So we have through trial and error found a way to make legitimate decisions on behalf of a population. Not great decisions, but at least legitimate ones. And we have a further refinement that allows us to ensure that the direct voters have an obligation to consider the question seriously and in all its complexity. They research. They debate. They consider. Things we have no time to do in any detail. And for most of us, no interest.
So the Brexit vote, by going to a deeply flawed method of decision making, couching a horrendously complicated question with a million sub-questions as a single simple question that the public is free to read any number of ways, was a totally legitimate decision based on zero information. That is about the most irresponsible thing I can imagine a government doing in good faith: guarantee legitimacy to an uninformed decision.
Developing Elysium Flare has been really exciting because it’s the first time I’ve collaborated with a graphic artist. I’m working with Juan Ochoa, a Colombian artist with a wide range of skills and he’s helped me out starting with some conceptual work and then moving on to more directed interior illustration. His work is so exciting that I’m thinking I might have to print in colour.
I know that’s not in colour but if I show you all the colour stuff it will blow your mind. I’m saving that for the book. Instead that’s a conceptual drawing based on my own art direction sketch:
And this is the part that really has me enjoying this project so far: Juan and I are feeding ideas back and forth: his visual ideas are entering the text and the text is driving my own art which is shaping Juan’s art. There’s a nice feedback loop happening here. And like all positive feedback loops, it’s very dangerous. In this case it’s dangerous to my pocketbook: I want to buy everything Juan ever draws for starters.
I also need to buy art supplies because I am really having a great time adding my own work. Now, I like consistency in a book, so I will be using Juan’s art for all the aliens. That leaves some work for me, though, and it’s the kind of thing I love to do (and I like to think I’m good at): technology. So I bought a couple of Rapidographs (I am already thinking about buying at least one more — I haven’t used technical pens in ages but they were my first art-love) and started working up some sketches of spacecraft:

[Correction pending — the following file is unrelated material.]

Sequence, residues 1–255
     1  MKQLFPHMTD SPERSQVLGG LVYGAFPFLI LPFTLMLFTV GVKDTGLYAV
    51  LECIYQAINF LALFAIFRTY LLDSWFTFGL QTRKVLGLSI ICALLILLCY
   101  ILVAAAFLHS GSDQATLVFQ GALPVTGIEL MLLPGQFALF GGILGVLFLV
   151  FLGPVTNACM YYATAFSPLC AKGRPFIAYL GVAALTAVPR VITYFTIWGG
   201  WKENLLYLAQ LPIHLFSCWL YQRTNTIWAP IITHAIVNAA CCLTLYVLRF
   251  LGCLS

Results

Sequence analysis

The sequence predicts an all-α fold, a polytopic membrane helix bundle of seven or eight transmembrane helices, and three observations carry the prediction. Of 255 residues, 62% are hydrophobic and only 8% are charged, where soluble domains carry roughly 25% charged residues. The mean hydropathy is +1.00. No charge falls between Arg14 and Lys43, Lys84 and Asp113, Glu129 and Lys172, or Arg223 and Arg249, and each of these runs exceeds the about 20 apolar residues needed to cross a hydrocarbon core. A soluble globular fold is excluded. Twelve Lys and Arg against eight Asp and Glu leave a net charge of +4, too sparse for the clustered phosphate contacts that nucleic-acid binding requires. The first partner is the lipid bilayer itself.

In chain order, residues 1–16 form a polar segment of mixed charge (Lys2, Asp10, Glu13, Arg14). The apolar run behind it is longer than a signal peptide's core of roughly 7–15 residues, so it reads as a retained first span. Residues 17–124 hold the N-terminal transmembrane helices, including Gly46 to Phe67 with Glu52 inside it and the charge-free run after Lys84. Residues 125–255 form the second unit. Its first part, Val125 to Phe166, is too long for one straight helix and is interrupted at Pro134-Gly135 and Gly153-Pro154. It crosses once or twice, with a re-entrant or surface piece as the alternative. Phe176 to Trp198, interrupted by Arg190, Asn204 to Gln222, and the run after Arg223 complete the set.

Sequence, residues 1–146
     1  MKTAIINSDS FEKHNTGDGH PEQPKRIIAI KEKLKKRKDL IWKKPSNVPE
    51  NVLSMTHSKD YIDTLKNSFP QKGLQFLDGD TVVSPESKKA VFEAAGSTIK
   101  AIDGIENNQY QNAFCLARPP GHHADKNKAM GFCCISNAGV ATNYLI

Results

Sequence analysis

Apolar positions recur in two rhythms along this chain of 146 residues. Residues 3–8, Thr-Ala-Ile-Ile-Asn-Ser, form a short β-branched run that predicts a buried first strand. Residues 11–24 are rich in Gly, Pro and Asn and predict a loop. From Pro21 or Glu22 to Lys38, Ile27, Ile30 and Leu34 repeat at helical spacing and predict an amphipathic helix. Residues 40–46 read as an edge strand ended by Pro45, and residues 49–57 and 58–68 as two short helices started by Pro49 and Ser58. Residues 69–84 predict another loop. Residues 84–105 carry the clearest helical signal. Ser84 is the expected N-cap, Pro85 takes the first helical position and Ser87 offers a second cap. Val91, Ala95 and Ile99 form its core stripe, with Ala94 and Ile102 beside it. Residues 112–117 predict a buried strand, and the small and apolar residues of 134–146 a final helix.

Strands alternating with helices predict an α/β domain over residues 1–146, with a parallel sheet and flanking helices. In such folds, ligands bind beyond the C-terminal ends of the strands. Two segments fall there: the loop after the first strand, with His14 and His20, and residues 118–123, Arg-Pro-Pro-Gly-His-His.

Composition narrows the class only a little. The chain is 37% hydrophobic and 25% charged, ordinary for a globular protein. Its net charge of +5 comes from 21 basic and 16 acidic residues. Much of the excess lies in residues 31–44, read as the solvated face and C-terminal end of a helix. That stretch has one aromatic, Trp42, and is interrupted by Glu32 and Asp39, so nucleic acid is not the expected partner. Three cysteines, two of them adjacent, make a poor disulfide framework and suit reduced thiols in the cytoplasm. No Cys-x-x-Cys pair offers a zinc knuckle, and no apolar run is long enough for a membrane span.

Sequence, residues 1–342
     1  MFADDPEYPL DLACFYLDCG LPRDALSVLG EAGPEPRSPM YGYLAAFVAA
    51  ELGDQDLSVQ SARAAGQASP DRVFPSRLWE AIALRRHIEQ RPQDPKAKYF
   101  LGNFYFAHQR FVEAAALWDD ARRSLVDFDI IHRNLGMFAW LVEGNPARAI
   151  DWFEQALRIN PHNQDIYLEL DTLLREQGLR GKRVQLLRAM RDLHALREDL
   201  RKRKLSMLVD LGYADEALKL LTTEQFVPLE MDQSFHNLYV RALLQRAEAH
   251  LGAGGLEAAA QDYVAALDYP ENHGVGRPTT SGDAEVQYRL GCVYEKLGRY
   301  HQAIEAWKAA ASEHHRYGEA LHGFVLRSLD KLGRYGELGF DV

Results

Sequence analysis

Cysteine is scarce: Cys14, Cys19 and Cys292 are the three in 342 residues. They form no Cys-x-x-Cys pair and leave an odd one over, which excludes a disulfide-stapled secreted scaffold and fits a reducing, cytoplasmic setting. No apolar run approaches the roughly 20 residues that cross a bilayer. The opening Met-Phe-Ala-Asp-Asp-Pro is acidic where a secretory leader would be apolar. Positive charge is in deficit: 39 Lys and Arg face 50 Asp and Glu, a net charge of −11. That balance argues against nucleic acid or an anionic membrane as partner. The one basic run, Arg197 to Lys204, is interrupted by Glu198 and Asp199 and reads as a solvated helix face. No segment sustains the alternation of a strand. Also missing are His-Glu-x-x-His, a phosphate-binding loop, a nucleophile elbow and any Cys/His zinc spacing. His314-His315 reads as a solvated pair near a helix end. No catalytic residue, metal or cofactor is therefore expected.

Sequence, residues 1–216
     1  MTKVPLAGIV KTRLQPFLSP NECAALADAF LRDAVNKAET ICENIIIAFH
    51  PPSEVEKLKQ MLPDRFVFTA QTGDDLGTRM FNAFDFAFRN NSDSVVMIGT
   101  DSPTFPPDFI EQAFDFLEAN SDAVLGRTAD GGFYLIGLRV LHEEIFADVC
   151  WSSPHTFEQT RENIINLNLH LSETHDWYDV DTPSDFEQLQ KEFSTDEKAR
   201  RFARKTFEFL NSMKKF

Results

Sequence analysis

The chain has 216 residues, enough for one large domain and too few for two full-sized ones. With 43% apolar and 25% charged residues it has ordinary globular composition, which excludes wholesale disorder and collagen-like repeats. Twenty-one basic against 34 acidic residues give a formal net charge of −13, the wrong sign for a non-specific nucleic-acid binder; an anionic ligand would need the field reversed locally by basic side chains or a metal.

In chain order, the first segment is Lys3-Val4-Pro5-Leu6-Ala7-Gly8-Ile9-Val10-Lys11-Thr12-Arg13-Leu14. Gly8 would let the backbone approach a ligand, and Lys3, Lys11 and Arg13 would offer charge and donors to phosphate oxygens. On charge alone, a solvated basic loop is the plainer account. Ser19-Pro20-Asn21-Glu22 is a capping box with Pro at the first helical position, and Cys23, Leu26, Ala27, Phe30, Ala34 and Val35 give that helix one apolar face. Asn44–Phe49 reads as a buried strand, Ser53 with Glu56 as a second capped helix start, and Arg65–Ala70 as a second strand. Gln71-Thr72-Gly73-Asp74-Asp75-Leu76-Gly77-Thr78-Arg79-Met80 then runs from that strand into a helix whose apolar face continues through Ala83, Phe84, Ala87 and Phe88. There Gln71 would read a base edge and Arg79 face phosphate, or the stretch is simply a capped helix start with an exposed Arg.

It’s been ages since I’ve done this and it’s really exciting. Makes me feel like a kid again, reading Vaugh Bodé at a friend’s kitchen table and sketching cross-sectional submarines and space ships and weapons. And that made me realize that I owe a debt to someone other than Juan or Bodé, someone I haven’t thought about in a long time. Someone I looked up to and much later looked down on unfairly, and now remember with nostalgia and regret.
I don’t know where Richard Lang is now, but I don’t expect it’s anywhere good. He was not a happy young man but he played D&D with us when we were just kids, and I played war with him all over the block since he had all the best stuff for that, and most importantly he could draw. And he and I would draw and I would wish I was him. Well I know more about his life now and I don’t wish that any more but I do know what I debt I owe him.
Richard, I’m sorry for everything. You made many things possible for me that I might not have discovered on my own. I miss you.
I’m working on a new project. It started as a bit of a lark, a dare even — I was thinking about the kinds of games I didn’t feel strongly about writing, or more correctly the kinds of settings I wasn’t keen on. And I though, well, it would be something of a challenge to write something really effective on a topic I wasn’t very enthusiastic about. Maybe it’s a test of professionalism (can I write to spec) or maybe it’s just me admitting to myself that actually I kind of do love some genres that I don’t want to love.
So I dredged around for something that I thought hadn’t been done well and was also something I wasn’t keen on and I decided that the world needs a strong space opera game. Something that you could run a Star Wars story in without feeling like you were strapped to the Lucas canon. And so I started writing Elysium Flare, a completely novel space fantasy setting for Fate Core. Right now there’s around 20k words done and it looks like that will at least double before we’re through.
Helping me in the creative process is the brilliant Colombian artist, Juan Ochoa, who has been doing conceptual sketches of aliens and space craft and generally firing my imagination. The end product will feature plenty of his work and if I’m really ambitious, it will be available in full colour.
Now of course I can’t leave a game alone. I can’t just write a game that has aliens and call it space opera. I need it to do something special, something novel, something derived from but outside of the setting. Okay, I admit it, I generally need a game to say something important to me. So the salient feature of this space opera setting is alien species. There are lots of them — the cantina scene in Star Wars was a formative image for me — and so I have to wonder what kinds of things that implies and so of course what kinds of mechanisms will support those implications. There is a sense, then, in which Elysium Flare will be about (mechanically) diversity. Not in any deep sense, I fear, since I am not a social scientist, but in some sense.